Gordon Campbell | Parliament TV | Parliament Today | Video | Questions Of the Day | Search


Courts takes millionth step in collections

14 August 2003 Media Statement
Courts takes millionth step in collections

The government was working harder than ever to ensure outstanding fines and reparations were being paid to the victims of crime, Courts Minister Rick Barker said today.

“This morning we celebrated the one millionth phone call handled by the Courts Department’s Collections Unit Contact Centre since the Wellington facility reopened in October last year.

“That’s one million steps toward concluding the court process, or an impressive 91,000 calls per month in an effort to resolve fines.”

Mr Barker said the state-of-the-art Contact Centre had proved a cost-effective way of collecting fines – particularly rapidly rising infringements. It collected $54 million in fines in 2002-03 – around a third of Collections’ total revenue.

The Contact Centre’s relocation and expansion was one of a raft of enforcement tools and new initiatives to combat rising fine imposition.

Infringement fines now form the bulk of Collections’ work. Infringements accounted for 48 percent of new fines between 1992-2003, compared to an estimated 78 percent now.

Infringements, or ‘instant tickets’ are issued by more than 130 prosecuting agencies, which generally give offender 56 days to pay before filing with Courts for enforcement.

Mr Barker said infringements tended to be harder to collect than Court-imposed fines because offenders ‘willing’ to pay have already done so direct.

“Courts also has less control over the information needed to locate offenders because it is supplied initially by the prosecuting agency.”

Despite that, about 85 percent of fines filed with Courts for collection are resolved within four years.

It was estimated that 96 percent of all fines imposed were resolved by the prosecuting agency prior to filing or by Courts, meaning only about four percent remained unresolved. This number included people who had left the country, died, or had not yet been located.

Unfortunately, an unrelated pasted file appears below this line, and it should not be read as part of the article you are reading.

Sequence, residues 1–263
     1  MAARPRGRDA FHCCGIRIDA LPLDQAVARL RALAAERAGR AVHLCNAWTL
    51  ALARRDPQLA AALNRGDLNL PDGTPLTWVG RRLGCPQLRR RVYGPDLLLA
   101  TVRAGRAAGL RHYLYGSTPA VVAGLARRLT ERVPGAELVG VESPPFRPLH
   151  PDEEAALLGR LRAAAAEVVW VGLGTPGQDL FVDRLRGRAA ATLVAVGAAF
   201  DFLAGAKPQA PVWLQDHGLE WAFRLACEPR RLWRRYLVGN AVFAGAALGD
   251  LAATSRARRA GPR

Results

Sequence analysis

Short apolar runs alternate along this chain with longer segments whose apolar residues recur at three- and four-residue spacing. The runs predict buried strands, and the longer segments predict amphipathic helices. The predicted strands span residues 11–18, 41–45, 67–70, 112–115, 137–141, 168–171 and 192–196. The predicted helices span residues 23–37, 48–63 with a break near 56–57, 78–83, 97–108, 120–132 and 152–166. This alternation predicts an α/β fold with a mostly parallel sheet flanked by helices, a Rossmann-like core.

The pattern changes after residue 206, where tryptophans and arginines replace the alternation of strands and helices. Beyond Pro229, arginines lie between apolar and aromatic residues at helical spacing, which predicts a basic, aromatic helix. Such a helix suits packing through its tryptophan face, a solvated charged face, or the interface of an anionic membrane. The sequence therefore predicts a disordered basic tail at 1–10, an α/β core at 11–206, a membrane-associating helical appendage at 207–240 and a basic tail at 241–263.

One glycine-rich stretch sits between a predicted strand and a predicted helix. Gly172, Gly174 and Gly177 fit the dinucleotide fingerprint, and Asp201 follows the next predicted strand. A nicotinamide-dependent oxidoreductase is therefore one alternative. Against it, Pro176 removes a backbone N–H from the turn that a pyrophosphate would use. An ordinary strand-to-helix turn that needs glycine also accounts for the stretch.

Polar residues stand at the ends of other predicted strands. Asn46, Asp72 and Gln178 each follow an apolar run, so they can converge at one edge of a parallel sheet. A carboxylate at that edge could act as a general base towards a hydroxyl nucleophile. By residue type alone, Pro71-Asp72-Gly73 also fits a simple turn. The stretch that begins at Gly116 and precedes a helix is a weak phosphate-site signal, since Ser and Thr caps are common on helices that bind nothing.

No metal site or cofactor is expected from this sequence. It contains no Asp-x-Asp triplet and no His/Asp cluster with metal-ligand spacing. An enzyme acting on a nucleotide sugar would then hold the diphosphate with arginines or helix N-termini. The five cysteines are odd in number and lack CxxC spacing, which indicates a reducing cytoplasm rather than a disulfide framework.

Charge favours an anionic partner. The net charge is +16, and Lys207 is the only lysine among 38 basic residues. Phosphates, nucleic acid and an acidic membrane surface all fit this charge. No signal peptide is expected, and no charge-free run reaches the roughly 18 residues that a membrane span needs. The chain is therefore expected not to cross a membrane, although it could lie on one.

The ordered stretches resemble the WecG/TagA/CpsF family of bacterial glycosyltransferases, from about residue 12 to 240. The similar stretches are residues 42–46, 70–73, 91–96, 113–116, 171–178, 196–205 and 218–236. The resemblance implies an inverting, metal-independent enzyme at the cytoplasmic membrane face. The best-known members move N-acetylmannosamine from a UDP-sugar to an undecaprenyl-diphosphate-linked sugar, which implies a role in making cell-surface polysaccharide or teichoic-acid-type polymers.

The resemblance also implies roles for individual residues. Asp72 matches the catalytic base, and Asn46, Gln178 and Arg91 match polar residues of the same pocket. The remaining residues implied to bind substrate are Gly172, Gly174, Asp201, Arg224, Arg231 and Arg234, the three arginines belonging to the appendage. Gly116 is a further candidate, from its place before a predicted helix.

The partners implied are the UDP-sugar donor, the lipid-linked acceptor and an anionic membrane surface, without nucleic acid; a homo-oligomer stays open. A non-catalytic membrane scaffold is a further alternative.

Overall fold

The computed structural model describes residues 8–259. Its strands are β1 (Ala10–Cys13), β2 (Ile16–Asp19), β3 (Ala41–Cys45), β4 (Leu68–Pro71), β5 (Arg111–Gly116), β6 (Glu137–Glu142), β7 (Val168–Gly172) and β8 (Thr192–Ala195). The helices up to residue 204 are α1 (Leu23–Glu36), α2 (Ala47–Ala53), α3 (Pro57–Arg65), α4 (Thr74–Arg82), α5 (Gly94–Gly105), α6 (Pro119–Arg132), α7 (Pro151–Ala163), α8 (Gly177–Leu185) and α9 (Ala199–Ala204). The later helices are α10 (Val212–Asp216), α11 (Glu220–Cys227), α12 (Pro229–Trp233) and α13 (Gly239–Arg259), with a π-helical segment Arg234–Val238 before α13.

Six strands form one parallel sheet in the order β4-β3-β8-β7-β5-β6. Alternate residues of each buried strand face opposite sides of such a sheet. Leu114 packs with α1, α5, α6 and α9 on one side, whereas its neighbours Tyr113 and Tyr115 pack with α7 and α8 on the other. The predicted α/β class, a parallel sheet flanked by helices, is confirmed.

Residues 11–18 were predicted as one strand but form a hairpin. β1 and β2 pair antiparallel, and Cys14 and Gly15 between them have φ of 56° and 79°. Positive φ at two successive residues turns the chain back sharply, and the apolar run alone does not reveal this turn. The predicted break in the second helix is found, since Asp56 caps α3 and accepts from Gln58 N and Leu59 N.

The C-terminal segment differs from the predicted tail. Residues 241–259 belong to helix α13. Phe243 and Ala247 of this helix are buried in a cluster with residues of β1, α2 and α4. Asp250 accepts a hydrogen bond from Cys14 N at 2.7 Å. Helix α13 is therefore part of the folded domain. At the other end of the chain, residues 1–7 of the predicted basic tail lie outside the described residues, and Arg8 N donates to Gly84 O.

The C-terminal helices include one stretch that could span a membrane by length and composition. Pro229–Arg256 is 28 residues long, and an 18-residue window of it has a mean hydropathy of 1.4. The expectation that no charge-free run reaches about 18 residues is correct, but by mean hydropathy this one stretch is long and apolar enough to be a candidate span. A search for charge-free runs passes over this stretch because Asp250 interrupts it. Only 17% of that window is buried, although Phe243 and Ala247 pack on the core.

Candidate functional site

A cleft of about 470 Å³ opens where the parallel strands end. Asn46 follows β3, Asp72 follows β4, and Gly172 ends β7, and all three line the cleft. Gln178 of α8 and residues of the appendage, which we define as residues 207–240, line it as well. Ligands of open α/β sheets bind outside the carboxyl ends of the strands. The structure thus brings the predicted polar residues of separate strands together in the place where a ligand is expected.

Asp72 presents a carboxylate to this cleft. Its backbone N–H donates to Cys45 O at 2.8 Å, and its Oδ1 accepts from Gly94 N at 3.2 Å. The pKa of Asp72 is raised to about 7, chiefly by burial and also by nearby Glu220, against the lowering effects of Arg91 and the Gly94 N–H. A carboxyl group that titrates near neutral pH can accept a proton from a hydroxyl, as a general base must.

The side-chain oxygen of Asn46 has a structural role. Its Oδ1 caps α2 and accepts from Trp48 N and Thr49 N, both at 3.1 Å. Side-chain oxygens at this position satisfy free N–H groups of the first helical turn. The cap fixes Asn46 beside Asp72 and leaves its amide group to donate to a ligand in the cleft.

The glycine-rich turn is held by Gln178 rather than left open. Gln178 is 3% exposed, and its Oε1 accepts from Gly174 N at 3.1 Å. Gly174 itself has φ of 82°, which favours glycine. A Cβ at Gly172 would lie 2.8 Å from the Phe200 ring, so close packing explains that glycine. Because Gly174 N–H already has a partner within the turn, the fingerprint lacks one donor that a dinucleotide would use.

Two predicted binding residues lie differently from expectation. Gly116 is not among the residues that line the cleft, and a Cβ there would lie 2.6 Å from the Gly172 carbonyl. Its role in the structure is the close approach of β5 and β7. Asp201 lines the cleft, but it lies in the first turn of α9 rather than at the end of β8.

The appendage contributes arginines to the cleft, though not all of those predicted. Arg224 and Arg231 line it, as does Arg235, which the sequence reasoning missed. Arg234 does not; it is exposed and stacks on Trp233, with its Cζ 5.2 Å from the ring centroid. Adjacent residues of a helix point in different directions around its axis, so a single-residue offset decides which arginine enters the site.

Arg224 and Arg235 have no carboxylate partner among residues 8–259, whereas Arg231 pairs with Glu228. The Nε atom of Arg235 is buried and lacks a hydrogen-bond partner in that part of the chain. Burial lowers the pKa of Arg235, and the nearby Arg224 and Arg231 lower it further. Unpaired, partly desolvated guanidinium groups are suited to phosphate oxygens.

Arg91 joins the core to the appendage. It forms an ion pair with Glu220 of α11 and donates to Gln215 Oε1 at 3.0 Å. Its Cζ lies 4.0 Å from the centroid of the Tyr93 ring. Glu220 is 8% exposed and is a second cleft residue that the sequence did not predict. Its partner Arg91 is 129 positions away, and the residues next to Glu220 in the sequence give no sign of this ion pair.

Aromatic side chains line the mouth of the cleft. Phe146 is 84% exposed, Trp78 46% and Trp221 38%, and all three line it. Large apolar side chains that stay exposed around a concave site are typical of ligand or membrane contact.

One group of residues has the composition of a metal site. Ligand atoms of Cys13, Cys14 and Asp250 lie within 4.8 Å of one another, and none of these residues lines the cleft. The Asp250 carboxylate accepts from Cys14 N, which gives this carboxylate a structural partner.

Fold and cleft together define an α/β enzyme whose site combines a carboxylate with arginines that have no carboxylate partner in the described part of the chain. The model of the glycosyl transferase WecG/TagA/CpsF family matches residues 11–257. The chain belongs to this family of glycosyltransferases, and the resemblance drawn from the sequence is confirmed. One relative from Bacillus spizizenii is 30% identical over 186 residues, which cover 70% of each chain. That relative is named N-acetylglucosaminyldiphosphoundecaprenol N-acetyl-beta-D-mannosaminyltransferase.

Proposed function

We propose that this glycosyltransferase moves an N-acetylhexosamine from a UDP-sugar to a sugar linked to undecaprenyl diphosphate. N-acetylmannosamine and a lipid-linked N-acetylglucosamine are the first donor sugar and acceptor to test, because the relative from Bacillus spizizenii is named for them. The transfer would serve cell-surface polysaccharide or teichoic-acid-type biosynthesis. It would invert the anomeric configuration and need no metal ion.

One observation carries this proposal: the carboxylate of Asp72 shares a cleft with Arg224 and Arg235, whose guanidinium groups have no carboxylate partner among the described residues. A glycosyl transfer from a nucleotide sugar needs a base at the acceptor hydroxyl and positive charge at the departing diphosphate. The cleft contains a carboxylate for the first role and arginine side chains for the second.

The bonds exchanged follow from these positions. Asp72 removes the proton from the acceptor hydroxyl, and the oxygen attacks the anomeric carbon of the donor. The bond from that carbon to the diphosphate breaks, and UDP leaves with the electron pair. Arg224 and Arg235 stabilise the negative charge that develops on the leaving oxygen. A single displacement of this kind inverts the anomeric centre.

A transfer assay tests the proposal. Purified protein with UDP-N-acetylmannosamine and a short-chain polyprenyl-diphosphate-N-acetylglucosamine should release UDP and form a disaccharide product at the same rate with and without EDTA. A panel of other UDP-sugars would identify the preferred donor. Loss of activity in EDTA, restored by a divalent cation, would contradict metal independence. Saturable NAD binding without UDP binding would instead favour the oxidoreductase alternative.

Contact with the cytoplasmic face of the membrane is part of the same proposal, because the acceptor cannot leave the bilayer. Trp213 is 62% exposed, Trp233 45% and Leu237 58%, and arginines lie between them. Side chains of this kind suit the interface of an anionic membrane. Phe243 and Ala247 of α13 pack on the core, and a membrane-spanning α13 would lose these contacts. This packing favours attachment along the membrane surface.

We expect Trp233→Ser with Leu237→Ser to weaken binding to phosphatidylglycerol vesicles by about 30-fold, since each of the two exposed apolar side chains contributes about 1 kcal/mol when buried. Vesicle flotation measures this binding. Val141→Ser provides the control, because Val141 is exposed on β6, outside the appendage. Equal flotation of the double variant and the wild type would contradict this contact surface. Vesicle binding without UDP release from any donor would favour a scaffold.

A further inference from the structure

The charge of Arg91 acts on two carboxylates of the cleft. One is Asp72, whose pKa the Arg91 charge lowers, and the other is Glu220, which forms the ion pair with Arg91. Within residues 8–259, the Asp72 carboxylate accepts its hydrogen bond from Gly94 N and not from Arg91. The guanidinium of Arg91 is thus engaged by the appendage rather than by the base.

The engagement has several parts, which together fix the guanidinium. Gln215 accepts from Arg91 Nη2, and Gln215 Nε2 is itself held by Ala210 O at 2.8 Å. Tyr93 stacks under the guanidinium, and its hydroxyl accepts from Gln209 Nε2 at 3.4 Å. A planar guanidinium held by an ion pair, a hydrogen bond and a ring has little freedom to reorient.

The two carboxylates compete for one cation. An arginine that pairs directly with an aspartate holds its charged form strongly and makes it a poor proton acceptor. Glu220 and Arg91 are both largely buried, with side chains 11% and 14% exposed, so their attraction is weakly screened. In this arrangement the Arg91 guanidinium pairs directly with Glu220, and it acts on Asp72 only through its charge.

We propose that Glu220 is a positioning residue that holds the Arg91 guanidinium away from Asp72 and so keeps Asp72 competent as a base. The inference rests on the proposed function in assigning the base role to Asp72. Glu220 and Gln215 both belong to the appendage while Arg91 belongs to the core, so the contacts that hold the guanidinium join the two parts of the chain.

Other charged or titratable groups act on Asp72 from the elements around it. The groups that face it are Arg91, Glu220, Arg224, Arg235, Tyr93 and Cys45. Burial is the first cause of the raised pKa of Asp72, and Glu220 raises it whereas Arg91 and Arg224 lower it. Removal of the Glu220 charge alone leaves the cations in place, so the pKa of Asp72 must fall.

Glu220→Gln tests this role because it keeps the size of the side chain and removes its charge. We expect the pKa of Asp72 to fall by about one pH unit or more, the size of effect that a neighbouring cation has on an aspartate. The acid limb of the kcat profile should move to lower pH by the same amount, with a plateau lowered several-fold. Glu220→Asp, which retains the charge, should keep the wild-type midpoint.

Mr Barker said those who owed fines or reparations but failed to address them should take the earliest opportunity to do so, or risk embarrassment.

“We are determined to get people to pay their fines earlier, and in particular, to resolve the four percent of long-term fines defaulters,” said Mr Barker.

A hard-hitting enforcement strategy started this week with radio and newspaper advertising warning major fine defaulters in Auckland and Northland to resolve their fines or risk having their names, age and address published in newspapers from August 30.

The campaign follows a recent trial in the South Island that led to a positive response from about 40 percent of the 550 fines defaulters publicised.

“Information provided by others about the whereabouts of some defaulters reinforced my belief the public has a low tolerance of fines and reparation defaulters.”

Mr Barker said an increase in the total amount of fines collected in the 2002-03 financial year showed such initiatives were working.

“This is the first year the total of overdue unpaid fines has gone down. It is also the best year ever in terms of the amount collected in fines, up $14 million from the previous best to $150 million.”

The value of overdue fines also decreased eight percent in the 2002-03 financial year while the total value of overdue unpaid fines at 30 June 2003 decreased to $306 million, compared with $334 million the previous year.

The amount of total reparation collected in the 2002-03 financial year was also significant – up 30 percent ($2.856m) from $9.423 million in 2001-02 to $12.279 million.